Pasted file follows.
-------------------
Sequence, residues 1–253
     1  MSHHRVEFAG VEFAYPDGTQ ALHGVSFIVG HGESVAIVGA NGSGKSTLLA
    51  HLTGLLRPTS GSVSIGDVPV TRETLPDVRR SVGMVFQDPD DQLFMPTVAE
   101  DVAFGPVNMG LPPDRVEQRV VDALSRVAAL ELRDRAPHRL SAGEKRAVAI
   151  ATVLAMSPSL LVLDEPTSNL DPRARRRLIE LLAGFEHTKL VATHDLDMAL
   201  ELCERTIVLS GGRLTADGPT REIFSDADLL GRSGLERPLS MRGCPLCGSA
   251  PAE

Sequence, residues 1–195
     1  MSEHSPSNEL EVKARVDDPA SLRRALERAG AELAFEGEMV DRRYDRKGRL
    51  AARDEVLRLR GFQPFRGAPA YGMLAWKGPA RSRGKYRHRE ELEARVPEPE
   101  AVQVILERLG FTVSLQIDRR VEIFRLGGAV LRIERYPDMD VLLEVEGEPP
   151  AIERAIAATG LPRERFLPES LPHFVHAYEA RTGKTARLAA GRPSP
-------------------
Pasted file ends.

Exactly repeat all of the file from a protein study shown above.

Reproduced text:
Sequence, residues 1–253
     1  MSHHRVEFAG VEFAYPDGTQ ALHGVSFIVG HGESVAIVGA NGSGKSTLLA
    51  HLTGLLRPTS GSVSIGDVPV TRETLPDVRR SVGMVFQDPD DQLFMPTVAE
   101  DVAFGPVNMG LPPDRVEQRV VDALSRVAAL ELRDRAPHRL SAGEKRAVAI
   151  ATVLAMSPSL LVLDEPTSNL DPRARRRLIE LLAGFEHTKL VATHDLDMAL
   201  ELCERTIVLS GGRLTADGPT REIFSDADLL GRSGLERPLS MRGCPLCGSA
   251  PAE

Sequence, residues 1–195
     1  MSEHSPSNEL EVKARVDDPA SLRRALERAG AELAFEGEMV DRRYDRKGRL
    51  AARDEVLRLR GFQPFRGAPA YGMLAWKGPA RSRGKYRHRE ELEARVPEPE
   101  AVQVILERLG FTVSLQIDRR VEIFRLGGAV LRIERYPDMD VLLEVEGEPP
   151  AIERAIAATG LPRERFLPES LPHFVHAYEA RTGKTARLAA GRPSP